have a full range of motion in all extremities and normal motor function. …
The claimant also complained of depression; however, on examination on
March 15, 2010, her mood and affect were noted to be normal (27F/23).
In addition, the claimant’s activities of daily living described during the
course of the hearing are inconsistent with her prior reports to treating
sources throughout the medical evidence of record. In fact, her testimony
at the hearing was significantly more restricted than prior reports. During
a consultative psychological evaluation in April 2006, the claimant
reported visiting friends during the day, doing laundry, and watching
television. (4F/4). She stated, “I have to be doing something; I cannot just
sit still.” (Id.). During her evaluation in November 2008, the claimant
reported performing household chores including washing dishes, laundry,
cooking, and dusting. (10F/5).
Other factors further belie the claimant’s credibility. For example, hospital
records dated March 11, 2008 describe the claimant as “a noncompliant
type II diabetic” and note that she does not take her medications properly
(8F/1). These records also note that the claimant is a persistent smoker.
Plaintiff does not dispute that the peripheral diabetic neuropathy pain of which
she complained is not so severe that it would meet or equal Listing 11.14. (See Tr. 16,
explaining why Plaintiff’s peripheral neuropathy is not of listing level severity). She also
does not dispute the ALJ’s findings concerning the credibility of her complaints
concerning the level of her mental impairments.
Nevertheless, Plaintiff argues that the ALJ’s overall credibility analysis –
particularly concerning the level of her pain, and whether or not she can perform work at
a “light” rather than only a “sedentary” level warrants remand. First, Plaintiff complains
that the decision must be remanded because of “circular logic and boilerplate
language,” based upon the single sentence wherein the ALJ determined that Plaintiff’s
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“symptoms are not credible to the extent they are inconsistent with” the ALJ’s RFC
determination. (Doc. 11 at 19). While the undersigned does not find this phrase helpful
and does not dispute that some version of the same sentence is often found in ALJ
decisions, and in that respect could be termed “boilerplate,” the Court strongly
disagrees with the supposition that remand is required in any social security case in
which an ALJ uses a common phrase or sentence. As the lengthy quotation illustrates,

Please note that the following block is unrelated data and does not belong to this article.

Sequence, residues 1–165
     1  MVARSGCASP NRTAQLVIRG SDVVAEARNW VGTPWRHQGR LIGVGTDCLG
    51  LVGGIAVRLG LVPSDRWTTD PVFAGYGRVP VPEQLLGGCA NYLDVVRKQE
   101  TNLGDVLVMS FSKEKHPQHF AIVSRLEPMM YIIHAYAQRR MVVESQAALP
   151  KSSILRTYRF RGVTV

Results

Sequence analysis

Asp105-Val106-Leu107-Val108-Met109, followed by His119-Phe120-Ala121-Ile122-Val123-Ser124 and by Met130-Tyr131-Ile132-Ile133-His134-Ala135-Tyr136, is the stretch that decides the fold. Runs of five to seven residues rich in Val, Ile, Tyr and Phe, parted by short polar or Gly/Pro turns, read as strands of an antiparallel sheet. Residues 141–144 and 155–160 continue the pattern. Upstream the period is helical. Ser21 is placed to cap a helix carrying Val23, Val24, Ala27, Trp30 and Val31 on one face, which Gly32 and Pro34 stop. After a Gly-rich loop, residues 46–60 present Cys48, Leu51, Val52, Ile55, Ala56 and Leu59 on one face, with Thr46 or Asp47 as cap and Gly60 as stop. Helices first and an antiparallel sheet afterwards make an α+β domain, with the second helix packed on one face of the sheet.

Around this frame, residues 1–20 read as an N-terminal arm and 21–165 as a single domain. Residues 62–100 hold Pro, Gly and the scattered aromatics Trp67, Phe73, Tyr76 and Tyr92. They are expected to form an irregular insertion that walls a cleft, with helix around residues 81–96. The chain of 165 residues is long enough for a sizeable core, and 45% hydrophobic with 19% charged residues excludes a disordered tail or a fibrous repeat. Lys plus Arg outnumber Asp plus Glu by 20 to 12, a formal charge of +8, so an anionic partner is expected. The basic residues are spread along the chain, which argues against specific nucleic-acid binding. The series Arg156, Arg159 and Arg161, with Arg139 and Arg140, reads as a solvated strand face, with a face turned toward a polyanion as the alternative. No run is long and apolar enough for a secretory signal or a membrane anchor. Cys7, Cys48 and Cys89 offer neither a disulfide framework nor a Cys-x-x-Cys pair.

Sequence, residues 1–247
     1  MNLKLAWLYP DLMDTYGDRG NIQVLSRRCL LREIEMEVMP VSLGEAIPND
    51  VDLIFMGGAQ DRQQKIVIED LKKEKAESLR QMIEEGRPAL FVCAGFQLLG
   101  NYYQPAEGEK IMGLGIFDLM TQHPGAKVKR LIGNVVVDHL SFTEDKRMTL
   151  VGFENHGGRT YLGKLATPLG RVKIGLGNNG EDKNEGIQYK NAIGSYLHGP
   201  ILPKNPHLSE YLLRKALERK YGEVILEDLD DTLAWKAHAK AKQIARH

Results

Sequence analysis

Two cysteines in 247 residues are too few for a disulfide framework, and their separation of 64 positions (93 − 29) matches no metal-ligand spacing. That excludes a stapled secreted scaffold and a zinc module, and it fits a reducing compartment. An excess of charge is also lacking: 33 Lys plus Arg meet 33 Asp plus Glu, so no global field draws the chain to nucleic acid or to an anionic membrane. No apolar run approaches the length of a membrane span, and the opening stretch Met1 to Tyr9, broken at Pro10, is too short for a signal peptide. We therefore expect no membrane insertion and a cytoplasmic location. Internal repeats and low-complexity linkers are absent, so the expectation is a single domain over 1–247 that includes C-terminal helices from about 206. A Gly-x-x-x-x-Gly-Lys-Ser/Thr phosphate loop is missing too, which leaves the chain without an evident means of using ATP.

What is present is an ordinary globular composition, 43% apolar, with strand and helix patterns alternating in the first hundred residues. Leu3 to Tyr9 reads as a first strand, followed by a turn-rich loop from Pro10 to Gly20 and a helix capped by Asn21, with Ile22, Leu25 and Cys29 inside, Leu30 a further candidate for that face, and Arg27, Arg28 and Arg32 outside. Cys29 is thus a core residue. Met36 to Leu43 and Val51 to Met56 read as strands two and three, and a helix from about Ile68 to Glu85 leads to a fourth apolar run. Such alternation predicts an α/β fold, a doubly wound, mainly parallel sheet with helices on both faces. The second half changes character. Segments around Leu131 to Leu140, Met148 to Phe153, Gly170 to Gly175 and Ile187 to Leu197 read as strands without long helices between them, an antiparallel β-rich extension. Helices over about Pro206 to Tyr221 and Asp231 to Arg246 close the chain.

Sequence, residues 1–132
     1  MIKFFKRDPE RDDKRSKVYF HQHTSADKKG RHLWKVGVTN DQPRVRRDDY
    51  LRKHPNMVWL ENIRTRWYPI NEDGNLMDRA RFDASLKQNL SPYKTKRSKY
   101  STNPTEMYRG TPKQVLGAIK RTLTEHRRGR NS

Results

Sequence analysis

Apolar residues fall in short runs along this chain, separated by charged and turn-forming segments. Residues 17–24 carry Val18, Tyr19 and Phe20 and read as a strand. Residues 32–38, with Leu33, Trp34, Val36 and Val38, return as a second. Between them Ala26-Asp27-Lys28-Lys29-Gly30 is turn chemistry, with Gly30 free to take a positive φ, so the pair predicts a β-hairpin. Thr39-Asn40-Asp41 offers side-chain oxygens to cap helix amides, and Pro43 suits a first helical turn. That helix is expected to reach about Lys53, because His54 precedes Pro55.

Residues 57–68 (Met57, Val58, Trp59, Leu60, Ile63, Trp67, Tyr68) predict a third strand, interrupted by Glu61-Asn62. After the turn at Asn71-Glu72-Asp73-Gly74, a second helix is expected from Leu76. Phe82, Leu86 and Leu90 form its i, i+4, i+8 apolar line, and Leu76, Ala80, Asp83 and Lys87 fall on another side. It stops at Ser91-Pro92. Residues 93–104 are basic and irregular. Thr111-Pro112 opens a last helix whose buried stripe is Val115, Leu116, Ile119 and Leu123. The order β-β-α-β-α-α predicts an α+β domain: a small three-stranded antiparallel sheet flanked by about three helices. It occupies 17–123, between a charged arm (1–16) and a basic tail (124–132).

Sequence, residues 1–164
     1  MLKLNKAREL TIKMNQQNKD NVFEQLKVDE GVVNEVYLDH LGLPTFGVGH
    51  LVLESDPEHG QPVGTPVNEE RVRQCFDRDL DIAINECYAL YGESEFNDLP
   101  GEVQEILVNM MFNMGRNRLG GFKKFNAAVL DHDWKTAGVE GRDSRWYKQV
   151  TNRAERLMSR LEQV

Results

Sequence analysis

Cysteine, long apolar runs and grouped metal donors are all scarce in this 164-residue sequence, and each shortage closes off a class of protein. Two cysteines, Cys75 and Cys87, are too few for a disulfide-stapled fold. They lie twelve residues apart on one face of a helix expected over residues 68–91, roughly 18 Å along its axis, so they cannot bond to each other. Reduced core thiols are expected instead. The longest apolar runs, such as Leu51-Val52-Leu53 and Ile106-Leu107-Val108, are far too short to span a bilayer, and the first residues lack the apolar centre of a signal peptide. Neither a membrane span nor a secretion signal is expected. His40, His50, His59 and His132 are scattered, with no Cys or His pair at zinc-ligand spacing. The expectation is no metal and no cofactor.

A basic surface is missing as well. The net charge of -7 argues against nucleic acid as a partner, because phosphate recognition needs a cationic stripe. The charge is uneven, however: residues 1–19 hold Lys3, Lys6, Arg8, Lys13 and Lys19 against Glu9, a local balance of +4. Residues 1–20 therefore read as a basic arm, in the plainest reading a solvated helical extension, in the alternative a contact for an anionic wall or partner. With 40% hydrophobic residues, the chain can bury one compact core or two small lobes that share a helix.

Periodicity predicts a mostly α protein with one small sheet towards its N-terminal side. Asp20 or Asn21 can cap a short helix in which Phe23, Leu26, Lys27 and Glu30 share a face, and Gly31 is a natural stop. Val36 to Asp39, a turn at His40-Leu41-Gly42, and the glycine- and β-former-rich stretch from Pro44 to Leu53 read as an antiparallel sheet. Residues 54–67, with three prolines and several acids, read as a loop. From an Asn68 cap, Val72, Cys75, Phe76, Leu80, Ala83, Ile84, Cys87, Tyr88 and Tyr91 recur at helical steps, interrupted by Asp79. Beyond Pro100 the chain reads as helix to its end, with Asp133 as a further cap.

the ALJ’s credibility analysis in this case was quite detailed, containing very specific and
accurate references to instances in which Plaintiff’s testimony was contradicted by the
record, including clinical evidence, objective findings, and her own statements.
Plaintiff complained of constant back pain and neuropathic pain in her legs.
Plaintiff focuses heavily on the single ER record, in which a nurse noted Plaintiff’s limp
and use of a cane (Tr. 629), in favor of a more positive credibility finding. Plaintiff points
out that the ER physician injected pain medication and prescribed narcotic medication.
(Tr. 625, 631). However, these records did not require the ALJ to determine that all of
Plaintiff’s allegations concerning the severity of her pain were fully credible. Other
evidence – both explicitly noted by the ALJ and implicitly included and considered as
part of the record as a whole – provides substantial evidence for his determination that
Plaintiff’s diabetic neuropathy was not so constant and severe that it required additional
Plaintiff also contends that the ALJ was wrong to note inconsistencies between
her hearing testimony regarding her activities of daily living, and what she previously
reported during the disability application process and to consulting physicians or
psychologists. Plaintiff reported on her application forms that she regularly took only
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over-the-counter medications, such as Advil or Aleve, to help with her pain. (Tr. 201).
She reported that her daily activities include washing dishes, sweeping, dusting, and
mopping to the extent needed to clean her apartment, and that she could manage her
own self care and hygiene, albeit with some difficulty. (Tr. 203, 208). Plaintiff’s friend
explained that she sometimes needs assistance with manipulating buttons (Tr. 219),
and her daughter reported that her hands cramp up when she brushes her hair, and that